Against Small Interventions On Sliding Scale Grounds

Philosophy in the Contemporary World 19 (2):26-38 (2012)
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Abstract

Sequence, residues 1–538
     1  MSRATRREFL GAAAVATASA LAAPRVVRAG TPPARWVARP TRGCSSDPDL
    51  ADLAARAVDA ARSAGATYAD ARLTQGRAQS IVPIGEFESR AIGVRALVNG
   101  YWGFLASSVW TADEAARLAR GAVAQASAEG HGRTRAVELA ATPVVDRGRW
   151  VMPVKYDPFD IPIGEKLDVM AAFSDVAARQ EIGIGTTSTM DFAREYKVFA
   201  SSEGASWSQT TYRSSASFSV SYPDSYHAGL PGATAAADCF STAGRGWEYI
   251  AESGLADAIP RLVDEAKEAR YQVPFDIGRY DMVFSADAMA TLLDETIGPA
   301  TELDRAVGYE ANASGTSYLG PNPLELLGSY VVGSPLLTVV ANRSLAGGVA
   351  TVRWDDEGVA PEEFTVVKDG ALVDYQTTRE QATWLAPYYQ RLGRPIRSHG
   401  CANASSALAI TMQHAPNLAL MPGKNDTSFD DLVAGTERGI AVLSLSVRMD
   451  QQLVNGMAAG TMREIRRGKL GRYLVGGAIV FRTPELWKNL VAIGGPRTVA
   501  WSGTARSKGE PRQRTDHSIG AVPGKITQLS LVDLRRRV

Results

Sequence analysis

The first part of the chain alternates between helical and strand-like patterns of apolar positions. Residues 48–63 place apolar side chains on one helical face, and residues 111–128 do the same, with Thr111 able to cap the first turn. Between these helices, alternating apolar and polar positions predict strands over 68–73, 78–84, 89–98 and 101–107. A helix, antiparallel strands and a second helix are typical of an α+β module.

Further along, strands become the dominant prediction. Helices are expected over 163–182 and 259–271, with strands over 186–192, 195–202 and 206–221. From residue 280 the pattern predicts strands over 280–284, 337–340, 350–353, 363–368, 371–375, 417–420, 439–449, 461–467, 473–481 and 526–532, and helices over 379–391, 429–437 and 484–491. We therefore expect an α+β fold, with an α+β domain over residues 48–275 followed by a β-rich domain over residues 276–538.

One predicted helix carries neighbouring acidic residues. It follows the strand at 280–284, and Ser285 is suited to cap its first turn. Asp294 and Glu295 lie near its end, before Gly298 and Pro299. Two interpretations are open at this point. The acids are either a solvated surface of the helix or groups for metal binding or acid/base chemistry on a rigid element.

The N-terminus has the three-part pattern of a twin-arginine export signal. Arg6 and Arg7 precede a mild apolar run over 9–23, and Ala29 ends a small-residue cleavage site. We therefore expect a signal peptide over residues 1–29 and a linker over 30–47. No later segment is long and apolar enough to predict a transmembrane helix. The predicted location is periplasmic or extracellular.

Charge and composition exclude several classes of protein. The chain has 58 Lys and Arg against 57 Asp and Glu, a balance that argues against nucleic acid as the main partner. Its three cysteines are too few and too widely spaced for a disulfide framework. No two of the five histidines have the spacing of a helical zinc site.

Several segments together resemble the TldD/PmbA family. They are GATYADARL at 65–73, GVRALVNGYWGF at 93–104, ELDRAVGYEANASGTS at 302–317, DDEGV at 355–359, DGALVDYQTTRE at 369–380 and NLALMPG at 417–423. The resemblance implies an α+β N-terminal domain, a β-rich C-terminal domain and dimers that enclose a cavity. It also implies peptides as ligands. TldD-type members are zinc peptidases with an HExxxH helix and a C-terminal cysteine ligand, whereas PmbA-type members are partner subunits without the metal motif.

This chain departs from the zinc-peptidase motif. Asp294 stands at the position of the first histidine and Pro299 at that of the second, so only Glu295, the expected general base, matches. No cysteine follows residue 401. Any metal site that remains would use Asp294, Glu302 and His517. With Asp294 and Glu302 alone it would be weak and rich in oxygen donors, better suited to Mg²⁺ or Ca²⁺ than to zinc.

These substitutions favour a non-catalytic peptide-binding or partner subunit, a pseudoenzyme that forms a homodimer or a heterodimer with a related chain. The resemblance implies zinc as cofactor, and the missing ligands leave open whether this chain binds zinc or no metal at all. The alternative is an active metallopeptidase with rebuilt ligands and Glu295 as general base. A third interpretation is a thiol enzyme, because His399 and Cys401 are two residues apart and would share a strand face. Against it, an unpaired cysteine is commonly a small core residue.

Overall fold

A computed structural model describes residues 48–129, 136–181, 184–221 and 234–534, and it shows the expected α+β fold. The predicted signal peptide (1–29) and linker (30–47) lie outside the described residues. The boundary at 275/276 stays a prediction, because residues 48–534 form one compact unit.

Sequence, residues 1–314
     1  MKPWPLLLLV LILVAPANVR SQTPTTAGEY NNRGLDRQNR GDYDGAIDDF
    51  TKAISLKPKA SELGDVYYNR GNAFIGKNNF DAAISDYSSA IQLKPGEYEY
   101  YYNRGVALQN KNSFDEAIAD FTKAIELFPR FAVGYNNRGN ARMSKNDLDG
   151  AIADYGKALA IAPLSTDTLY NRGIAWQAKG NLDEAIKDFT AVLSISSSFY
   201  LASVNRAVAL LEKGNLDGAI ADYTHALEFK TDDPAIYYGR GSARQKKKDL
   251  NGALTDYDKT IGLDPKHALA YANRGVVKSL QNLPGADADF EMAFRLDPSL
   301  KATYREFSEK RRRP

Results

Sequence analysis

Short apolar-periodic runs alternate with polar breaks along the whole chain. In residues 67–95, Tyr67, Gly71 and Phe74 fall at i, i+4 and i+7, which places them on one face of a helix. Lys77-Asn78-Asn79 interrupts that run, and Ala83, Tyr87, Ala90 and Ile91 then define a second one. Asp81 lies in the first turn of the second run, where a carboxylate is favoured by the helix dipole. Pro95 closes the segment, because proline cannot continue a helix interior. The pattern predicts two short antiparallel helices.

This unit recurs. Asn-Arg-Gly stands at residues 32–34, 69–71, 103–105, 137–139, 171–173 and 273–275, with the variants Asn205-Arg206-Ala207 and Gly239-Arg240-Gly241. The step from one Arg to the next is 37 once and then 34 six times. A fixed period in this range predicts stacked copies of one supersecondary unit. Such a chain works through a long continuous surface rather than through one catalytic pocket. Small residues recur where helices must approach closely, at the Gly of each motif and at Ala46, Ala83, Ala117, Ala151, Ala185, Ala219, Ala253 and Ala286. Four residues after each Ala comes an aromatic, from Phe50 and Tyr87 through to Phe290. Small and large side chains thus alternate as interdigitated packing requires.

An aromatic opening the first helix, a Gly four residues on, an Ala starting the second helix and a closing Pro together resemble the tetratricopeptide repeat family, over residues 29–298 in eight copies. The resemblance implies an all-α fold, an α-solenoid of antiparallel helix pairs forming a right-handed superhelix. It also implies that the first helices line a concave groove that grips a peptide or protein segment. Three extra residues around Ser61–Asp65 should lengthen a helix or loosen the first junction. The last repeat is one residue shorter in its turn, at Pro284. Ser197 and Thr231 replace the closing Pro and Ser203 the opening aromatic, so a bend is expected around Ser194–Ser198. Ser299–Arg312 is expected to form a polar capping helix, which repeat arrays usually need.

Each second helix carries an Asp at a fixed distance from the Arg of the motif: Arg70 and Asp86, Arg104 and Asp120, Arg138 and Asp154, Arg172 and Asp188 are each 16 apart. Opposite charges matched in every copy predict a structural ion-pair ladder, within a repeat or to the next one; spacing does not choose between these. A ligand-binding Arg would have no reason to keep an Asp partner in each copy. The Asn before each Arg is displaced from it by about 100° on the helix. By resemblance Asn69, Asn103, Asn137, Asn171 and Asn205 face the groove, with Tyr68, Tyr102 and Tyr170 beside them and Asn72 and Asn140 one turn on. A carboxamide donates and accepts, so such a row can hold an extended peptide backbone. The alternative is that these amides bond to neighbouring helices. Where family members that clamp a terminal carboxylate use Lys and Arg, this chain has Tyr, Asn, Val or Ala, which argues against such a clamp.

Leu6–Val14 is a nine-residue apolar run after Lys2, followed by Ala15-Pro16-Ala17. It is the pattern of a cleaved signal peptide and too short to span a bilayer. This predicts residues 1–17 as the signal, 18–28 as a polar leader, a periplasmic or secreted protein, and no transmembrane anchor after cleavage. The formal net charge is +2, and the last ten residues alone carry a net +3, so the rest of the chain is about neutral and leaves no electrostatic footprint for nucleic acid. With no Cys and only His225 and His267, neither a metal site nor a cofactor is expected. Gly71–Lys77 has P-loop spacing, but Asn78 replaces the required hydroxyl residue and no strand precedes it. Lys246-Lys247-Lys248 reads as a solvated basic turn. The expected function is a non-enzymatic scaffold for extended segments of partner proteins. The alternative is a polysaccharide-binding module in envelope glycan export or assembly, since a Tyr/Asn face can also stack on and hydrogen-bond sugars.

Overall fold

The 2011 NATO intervention in Libya has been hailed as a successful humanitarian intervention, beginning the implementation of the United Nations' Responsibility to Protect. Yet when the intervention pursued a mission of regime change which was not necessary to halt an imminent catastrophe, it became dubious on the strict reading of just cause that has been influential in just war theory. However, a recent trend suggests that minor uses of force with small cost to benefit ratios can be justified by a lower threshold of harm, so long as the cause is prima facie just or force is directed at an illegitimate illiberal state. This paper rejects these arguments by arguing that both deontological principle and utilitarian considerations support maintaining a strict catastrophic harm threshold for intervention

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